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Hacking a 1-sec accurate timer Answered

Hey all, For my digital SLR camera, I've hacked together a cable relase using a three-way switch. This works a treat, and now it's time to graduate to full automation to help with night time navigation. For this I need to build a timer that keeps a switch in the 'on' position for a certain number of seconds. The timer needs to be accurate to the nearest second, so nothing fancy. Ideally it would be a number pad I can type into the number of seconds. So any ideas? I'm putting together a short instructable to make the cable release. Cheers, Pierre

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eKstreme
eKstreme

12 years ago

Thanks for the suggestions everyone. I looked at 555 timers and I think one called the MK111 from Maplin here in the UK will do. The output should not be powered, so I'm hoping to find one with relay output to trigger the contact for the required length of time. I don't mind if the timer itself needs power as long as the power is easily provided by a pair of batteries. Forgot to mention: this will be for night-time photography. Pierre

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NachoMahma
NachoMahma

Reply 12 years ago

. The 5A contacts should handle anything a camera will throw at them.
. The max 5s pulse time might be too short for low-light photos - I'd try to find >= 30s. Wiring it up "backwards" (use NC contacts) will give you one minute exposures, but only 5 secs between shots.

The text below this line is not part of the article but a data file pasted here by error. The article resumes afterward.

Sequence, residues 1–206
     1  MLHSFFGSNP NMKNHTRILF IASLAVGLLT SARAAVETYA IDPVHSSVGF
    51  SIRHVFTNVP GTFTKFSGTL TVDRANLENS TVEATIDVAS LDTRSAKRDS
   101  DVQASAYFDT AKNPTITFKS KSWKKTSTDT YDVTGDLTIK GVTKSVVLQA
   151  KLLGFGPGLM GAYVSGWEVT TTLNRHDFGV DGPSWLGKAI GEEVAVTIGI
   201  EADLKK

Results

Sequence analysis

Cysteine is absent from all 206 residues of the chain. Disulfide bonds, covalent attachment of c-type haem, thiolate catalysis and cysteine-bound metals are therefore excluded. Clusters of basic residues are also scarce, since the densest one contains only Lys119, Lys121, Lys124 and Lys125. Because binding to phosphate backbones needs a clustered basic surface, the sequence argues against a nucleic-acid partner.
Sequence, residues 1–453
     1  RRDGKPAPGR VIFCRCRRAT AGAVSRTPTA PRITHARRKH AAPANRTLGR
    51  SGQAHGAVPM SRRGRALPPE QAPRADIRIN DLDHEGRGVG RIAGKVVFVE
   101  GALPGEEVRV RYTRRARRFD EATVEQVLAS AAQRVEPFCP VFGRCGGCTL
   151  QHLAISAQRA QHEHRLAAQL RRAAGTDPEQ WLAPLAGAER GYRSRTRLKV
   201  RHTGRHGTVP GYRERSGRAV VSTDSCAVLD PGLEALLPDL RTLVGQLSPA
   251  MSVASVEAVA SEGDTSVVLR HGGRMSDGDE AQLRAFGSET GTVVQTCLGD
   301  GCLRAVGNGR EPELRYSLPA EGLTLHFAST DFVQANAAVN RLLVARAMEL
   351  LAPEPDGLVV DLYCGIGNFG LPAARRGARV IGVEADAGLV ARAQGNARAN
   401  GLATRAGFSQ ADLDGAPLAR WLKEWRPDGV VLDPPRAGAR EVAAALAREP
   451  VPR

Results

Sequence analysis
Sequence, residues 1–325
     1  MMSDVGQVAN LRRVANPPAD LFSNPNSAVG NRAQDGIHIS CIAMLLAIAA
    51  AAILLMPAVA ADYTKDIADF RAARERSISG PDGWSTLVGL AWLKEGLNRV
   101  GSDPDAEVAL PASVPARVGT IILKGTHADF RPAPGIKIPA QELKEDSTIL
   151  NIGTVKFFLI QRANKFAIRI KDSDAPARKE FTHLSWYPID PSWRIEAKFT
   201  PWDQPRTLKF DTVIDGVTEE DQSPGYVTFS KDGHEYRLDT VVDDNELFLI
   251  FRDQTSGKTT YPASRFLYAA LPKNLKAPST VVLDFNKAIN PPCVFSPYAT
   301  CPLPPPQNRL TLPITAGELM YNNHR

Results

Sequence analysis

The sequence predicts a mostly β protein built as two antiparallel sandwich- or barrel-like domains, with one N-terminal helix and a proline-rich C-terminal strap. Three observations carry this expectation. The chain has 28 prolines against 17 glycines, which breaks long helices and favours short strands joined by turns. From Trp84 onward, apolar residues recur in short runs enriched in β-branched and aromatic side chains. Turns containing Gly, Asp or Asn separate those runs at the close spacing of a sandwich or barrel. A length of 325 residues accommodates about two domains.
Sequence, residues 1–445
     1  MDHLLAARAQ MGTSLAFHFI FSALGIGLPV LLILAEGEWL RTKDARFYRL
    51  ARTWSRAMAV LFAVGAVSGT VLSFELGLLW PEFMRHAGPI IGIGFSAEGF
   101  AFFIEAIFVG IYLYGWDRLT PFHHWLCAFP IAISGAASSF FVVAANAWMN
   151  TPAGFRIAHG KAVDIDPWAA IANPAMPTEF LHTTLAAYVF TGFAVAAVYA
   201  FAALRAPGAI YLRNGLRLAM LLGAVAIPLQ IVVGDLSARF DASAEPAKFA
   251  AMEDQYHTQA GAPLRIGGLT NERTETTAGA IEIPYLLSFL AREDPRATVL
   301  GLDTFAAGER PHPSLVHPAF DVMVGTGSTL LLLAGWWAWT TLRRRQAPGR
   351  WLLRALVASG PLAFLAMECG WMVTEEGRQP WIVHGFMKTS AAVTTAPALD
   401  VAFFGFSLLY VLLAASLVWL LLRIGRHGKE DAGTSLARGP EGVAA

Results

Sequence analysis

. If you plan on leaving it unattended for very long, you might want to look for something with uses less than 100mA. Depends on how big your battery is.
. IIRC, that's about 10 $US. I'd pay that for one. The components alone are worth close to that.
.
. Next time, include a link so I don't have to search for it - I'm lazy.

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NachoMahma
NachoMahma

12 years ago

. Sounds like a job for a 555 timer. Several projects here on Ibles; thousands on the 'Net.

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Patrick Pending
Patrick Pending

Reply 12 years ago

That's definitely the easiest way. You can either use a potentiometer to vary the time period or use a rotary switch to select different RC combinations to give preset times. Cheers, Pat. Pending

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Goodhart
Goodhart

12 years ago

The LS7213 is a CMOS silicon gate delay timer IC that incorporates four operating modes and eight time delay ranges. The time delay ranges are configured to produce real-time delays when the input time-base frequency is kept within 10 kHz to 1 kHz. Features include an ac oscillator port for time-base generation and complementary delay outputs with an option to "flash" one output as a delay-in progress indicator. Delays are initiated by a trigger and can be aborted by a reset. The LS7213 is a 14-pin DIP and LS7213-S is packaged as a 14-pin SOIC.

But, come to think of it, the 555 would be the easiest choice, and if you need low power consumption, there is always the CMOS version of the 555The Link to the LMC555 pin to pin compatible to the LM555